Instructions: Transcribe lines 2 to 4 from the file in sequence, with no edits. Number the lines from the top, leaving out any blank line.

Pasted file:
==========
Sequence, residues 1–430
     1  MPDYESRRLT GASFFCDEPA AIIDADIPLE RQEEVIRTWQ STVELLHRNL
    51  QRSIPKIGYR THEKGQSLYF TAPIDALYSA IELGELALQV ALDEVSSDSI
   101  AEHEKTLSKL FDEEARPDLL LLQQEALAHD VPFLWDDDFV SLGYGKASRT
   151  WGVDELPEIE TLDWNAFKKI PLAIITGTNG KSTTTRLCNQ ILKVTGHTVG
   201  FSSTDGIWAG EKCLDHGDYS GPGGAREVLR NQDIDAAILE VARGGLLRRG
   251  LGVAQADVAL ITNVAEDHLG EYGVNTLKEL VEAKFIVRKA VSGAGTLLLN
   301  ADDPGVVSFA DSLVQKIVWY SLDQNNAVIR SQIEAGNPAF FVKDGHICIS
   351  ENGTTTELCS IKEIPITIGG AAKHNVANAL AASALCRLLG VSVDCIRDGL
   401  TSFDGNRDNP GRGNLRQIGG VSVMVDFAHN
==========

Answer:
     1  MPDYESRRLT GASFFCDEPA AIIDADIPLE RQEEVIRTWQ STVELLHRNL
    51  QRSIPKIGYR THEKGQSLYF TAPIDALYSA IELGELALQV ALDEVSSDSI
   101  AEHEKTLSKL FDEEARPDLL LLQQEALAHD VPFLWDDDFV SLGYGKASRT